A good command over computers and software is an invaluable attribute for any business leader. While you might be the best project manager/site manager in the world, but there is only such information you can store and juggle in your mind. Using technology allows you to visualize that information, to store data and to predict the future which can be highly useful in a whole range of different situations. In particular it can help you to navigate difficult decisions and make the right choices when faced with a lot of information and a lot of potential options. Excel in particular is a fantastic tool for decision making, and can help any manager to organize, plan and decide. But in order to use it well, you need to know the best methods. Read on to learn what those are…
How To Use Excel for Decision Making
Excel is an incredibly useful tool for decision making or choosing between multiple options – whether those are purchasing decisions, marketing decisions, or investment decisions. To do this, you will essentially be creating a ‘pros and cons’ list for each decision, but with a much more complicated system behind it.
Start off by making a list of the criteria that you need to meet. For instance then, if you’re looking at hiring a new member of staff, that criteria might include: ‘experience’, ‘likeability’, ‘creativity’, ‘skills’ etc. Alternatively if you’re thinking of moving to a new office, the criteria may be things like ‘locality’, ‘size’ and ‘cost’. Write these as headings on your Excel spreadsheet and leave a few spaces underneath each one.
From here you are then going to take your options and score them out of ten for each category. Perhaps one candidate is a 10 for experience and an 8 for likeability, while the other has the opposite scores. This way you can immediately get a picture of where each candidate’s skill lie.
Next you are going to add up the scores in each of those categories, but not before turning them into percentages that represent the weighting of each criteria. So for instance, you might value a good price for your next office more than the extra space, so in which case you would make cost 30% and space 10%. Now if the property scored 8 and 9 respectively, that would be 80% of 30% and 90% of 10%. Add up these totals to get 100% and you have a final score for each option that takes into consideration the weightings of the various criteria – now you know which option will best fulfill all of your requirements and hopefully you know which one to choose as a result.
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Simpler is financial modeling. This essentially means creating a spreadsheet of all of your overheads and incomes in order to create a complete picture of your finances on any given month. Include in this your total assets and add to this the amount of profit left over at the end of that month/subtract the difference. This way you can not only see where your money is being spent each month, but also how this is going to affect your finances over time, and what it will ultimately result in if you continue to follow the same patterns. Of course some elements might factor in bi-monthly or tri-monthly, and should be entered accordingly.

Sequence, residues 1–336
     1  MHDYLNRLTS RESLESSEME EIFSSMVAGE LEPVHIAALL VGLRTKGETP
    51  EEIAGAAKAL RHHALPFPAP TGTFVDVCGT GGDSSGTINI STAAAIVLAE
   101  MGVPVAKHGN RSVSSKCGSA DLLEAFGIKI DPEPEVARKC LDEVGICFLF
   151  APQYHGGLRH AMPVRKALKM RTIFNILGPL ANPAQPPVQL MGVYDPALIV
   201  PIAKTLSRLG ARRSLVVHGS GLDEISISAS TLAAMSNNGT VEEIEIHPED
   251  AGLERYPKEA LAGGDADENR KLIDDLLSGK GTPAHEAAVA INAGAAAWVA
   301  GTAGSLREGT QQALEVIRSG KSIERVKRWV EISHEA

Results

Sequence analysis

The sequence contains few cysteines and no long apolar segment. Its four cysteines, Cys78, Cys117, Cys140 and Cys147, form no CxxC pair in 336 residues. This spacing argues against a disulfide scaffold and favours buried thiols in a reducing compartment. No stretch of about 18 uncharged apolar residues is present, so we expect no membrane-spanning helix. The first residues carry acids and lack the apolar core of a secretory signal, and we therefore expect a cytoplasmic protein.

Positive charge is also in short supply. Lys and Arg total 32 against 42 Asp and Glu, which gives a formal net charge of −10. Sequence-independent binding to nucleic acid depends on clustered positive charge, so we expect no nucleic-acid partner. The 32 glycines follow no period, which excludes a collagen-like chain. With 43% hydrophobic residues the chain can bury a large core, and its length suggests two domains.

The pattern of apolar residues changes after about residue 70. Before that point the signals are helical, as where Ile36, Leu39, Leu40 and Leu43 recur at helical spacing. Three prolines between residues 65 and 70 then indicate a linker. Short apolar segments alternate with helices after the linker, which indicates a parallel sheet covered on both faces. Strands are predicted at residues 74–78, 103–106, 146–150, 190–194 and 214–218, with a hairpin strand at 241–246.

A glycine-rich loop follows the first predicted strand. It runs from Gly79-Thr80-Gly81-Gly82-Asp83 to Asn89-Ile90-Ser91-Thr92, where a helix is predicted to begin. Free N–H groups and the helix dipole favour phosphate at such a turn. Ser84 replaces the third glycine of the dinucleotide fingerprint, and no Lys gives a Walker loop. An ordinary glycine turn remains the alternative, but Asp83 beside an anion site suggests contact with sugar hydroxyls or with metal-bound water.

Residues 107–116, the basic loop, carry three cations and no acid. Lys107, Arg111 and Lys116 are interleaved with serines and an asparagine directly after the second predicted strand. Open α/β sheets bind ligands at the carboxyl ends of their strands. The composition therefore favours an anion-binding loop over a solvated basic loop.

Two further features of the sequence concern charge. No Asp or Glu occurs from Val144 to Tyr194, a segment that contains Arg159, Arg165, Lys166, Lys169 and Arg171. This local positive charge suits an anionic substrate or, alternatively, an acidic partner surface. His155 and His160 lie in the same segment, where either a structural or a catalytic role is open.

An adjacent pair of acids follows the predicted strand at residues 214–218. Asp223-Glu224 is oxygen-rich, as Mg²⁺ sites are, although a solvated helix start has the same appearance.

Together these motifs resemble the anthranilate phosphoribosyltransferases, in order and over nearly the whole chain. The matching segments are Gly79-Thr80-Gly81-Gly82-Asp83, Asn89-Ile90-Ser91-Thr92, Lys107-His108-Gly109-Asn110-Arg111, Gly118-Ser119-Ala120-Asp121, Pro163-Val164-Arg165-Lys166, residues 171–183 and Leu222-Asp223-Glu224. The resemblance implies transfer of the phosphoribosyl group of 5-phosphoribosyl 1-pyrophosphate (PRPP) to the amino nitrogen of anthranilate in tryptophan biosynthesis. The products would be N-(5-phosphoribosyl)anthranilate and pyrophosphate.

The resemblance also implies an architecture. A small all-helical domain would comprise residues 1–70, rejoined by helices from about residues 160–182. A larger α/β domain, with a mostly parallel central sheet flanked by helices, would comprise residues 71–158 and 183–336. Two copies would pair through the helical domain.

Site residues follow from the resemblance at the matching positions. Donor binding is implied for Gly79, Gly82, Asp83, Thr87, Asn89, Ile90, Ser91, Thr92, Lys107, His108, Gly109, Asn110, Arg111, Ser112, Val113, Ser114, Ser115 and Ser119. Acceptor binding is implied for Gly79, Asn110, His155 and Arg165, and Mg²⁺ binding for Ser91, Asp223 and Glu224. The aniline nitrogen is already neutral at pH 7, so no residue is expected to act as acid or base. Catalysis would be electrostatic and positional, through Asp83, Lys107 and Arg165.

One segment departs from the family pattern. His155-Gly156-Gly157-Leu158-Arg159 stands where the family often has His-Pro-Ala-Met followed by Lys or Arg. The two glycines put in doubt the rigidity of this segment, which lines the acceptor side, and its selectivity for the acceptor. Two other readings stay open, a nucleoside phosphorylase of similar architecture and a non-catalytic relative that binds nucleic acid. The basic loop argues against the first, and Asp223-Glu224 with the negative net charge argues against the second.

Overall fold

This then also allows you to make ‘projections’ of where your finances should be at any given time and those projections can be visualized as graphs and charts. This can be useful when demonstrating to clients/business partners/investors why your business is a safe bet, but it can also be useful for financial decision making as it allows you to ‘test’ the financial impact of those moves.
For instance you could sample what would happen to your finances were you to move to a cheaper energy provider by entering it into the spreadsheet and then decide whether or not the savings would warrant the hassle of making the move. Likewise it can also be used to show you what you would be able to afford at any given time. Can you afford to invest in a new marketing campaign next month? Or would you be better served by waiting just one more month?
By using financial modeling templates and using Excel spreadsheets well it can become your crystal ball for divining the future of your business and testing out various scenarios. Your company will be able to dance between the rain drops…
This post is contributed by Thomas Ethan, a project management consultant who works for Procept Consulting, one of the best consulting services providers. Whenever he isn’t busy, he likes to spend time with his family and learn about various gadgets.
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